So, you've been notified that your information may have been compromised. Now what do you do?
The natural tendency when people are informed that their personal information has been lost or stolen is for them to immediately panic and assume that means they'll automatically become victims of identity theft or some other type of fraud.
However, in reality, that's a relatively unlikely outcome. Consider, for example, the case of a lost or stolen laptop containing a database that includes your account information.
A tremendous number of laptops are stolen every day -- some estimates say as many as 1,000 per day -- and only a very small percentage of those stolen laptops lead to any kind of notification. After all, it's much more likely that the laptop was stolen so the thief could play "World of Warcraft," download music files, or use it for some other purpose not involving identity theft.
If a backup tape was "lost" in transit, it's more likely that it was misdelivered, accidentally destroyed or misfiled than deliberately stolen.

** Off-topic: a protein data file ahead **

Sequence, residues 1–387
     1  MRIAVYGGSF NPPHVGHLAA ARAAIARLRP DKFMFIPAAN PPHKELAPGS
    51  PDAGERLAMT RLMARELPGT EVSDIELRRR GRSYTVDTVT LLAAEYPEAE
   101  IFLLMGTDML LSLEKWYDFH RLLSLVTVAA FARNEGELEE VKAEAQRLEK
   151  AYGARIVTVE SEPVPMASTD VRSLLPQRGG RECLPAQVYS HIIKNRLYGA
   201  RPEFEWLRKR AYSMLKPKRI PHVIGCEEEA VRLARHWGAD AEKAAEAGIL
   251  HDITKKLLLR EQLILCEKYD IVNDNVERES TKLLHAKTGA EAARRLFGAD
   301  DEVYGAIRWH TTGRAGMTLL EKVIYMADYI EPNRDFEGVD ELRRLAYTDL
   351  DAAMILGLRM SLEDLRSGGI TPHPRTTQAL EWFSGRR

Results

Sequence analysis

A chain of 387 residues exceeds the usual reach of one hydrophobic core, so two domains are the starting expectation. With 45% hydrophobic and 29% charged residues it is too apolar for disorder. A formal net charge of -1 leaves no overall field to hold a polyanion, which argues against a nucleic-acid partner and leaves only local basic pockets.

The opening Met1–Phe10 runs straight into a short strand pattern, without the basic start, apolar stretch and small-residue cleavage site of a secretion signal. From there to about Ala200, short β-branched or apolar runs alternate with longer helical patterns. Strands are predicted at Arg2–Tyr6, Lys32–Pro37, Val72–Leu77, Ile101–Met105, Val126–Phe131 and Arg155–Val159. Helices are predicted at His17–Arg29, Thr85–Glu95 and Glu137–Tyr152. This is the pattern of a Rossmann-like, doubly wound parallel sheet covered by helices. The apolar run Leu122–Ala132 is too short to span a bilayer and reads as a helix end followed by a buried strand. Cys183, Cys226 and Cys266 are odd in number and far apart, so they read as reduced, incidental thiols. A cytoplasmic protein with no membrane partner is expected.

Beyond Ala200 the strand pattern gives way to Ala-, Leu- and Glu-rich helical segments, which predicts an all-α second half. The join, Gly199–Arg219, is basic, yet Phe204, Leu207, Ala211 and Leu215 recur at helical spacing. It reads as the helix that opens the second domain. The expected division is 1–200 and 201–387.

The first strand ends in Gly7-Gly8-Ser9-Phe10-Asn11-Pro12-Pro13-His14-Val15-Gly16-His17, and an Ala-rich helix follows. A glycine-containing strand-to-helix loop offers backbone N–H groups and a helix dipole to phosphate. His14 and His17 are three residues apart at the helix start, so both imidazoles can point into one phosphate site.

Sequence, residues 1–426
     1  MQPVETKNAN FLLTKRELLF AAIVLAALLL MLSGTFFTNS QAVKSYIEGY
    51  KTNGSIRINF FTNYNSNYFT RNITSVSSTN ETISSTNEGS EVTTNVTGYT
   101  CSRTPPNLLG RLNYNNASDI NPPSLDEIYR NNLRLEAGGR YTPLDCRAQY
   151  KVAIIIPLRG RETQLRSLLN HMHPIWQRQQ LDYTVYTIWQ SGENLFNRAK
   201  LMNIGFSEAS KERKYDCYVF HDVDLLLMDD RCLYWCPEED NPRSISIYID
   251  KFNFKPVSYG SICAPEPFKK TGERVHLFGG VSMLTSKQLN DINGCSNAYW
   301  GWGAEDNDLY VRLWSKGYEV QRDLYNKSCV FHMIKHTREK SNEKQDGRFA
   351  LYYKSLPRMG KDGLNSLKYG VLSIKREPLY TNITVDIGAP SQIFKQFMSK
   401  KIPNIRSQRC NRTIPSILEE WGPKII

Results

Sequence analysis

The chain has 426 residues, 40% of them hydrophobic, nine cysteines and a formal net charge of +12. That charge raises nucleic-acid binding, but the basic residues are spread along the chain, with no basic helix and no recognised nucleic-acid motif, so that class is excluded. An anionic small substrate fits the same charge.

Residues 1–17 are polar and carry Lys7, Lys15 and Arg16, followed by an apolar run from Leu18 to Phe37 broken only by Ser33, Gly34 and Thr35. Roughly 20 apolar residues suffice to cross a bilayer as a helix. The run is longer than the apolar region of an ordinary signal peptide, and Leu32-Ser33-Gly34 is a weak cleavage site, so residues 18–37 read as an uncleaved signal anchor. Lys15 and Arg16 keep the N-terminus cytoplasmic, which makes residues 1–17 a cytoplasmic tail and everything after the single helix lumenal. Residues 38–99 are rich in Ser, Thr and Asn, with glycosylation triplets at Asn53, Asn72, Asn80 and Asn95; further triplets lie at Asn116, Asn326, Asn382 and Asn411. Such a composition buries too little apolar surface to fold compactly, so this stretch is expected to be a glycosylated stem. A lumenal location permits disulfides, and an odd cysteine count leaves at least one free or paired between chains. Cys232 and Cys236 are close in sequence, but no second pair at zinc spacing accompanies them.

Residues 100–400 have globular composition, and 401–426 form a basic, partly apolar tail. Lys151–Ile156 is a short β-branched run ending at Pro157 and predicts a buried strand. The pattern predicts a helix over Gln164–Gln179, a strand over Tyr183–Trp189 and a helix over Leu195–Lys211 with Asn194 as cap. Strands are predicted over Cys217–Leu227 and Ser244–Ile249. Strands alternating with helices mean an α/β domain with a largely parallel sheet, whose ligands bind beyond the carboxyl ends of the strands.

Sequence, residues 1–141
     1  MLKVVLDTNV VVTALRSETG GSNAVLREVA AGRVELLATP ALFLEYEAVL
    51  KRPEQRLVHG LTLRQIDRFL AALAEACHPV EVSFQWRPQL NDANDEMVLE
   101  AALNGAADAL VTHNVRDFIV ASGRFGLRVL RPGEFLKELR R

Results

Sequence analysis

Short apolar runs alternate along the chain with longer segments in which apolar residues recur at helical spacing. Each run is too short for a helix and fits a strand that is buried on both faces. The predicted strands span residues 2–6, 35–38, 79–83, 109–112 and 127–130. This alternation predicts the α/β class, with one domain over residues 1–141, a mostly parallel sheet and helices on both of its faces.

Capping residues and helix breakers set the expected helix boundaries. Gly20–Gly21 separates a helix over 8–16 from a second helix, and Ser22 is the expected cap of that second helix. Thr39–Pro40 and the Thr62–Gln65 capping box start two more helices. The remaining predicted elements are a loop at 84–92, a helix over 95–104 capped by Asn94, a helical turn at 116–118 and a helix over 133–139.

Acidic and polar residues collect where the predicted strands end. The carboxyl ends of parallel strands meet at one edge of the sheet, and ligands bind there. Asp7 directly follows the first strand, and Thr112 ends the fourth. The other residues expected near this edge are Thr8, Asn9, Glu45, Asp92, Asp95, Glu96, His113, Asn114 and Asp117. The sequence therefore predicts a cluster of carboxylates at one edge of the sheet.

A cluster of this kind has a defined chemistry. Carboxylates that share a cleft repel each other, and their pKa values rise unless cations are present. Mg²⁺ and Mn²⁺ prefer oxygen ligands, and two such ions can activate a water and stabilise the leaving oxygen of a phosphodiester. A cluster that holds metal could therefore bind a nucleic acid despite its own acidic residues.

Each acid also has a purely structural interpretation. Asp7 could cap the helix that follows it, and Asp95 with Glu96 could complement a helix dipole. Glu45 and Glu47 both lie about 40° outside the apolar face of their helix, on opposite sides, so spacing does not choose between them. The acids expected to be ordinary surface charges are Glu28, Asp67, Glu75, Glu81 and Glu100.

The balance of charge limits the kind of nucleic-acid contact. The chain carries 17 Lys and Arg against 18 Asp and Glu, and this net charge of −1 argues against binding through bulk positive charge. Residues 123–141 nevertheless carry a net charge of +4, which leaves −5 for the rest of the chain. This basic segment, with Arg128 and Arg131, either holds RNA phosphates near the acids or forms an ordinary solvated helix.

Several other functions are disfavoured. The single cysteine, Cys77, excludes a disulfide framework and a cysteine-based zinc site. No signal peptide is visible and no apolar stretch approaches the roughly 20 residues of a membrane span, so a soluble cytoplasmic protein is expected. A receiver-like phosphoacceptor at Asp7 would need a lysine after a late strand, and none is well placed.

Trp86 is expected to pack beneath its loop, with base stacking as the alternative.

Also, consider the fact that not every loss of data leads to notification. Granted, it's required by law, but a company has to know that a breach occurred before it can tell you about it. Realistically, just because you receive a notification about a possible breach, the likelihood that you will become a victim of identity theft probably increases only minimally, if at all, in the majority of cases.
So don't panic -- you're not guaranteed to be hit by fraudsters. Don't be cavalier either -- it's always better to be safe than sorry.
Step 2: Weigh Your Options
The next course of action is to determine what data was lost, how it was lost, and what your next course of action will be. The type of data involved will probably dictate your next move.